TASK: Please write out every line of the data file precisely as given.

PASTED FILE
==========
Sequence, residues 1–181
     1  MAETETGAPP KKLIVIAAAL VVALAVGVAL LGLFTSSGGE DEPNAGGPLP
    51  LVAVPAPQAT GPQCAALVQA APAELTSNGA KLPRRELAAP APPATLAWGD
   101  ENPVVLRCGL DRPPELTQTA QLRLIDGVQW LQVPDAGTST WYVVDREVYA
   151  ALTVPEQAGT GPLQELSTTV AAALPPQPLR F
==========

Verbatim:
Sequence, residues 1–181
     1  MAETETGAPP KKLIVIAAAL VVALAVGVAL LGLFTSSGGE DEPNAGGPLP
    51  LVAVPAPQAT GPQCAALVQA APAELTSNGA KLPRRELAAP APPATLAWGD
   101  ENPVVLRCGL DRPPELTQTA QLRLIDGVQW LQVPDAGTST WYVVDREVYA
   151  ALTVPEQAGT GPLQELSTTV AAALPPQPLR F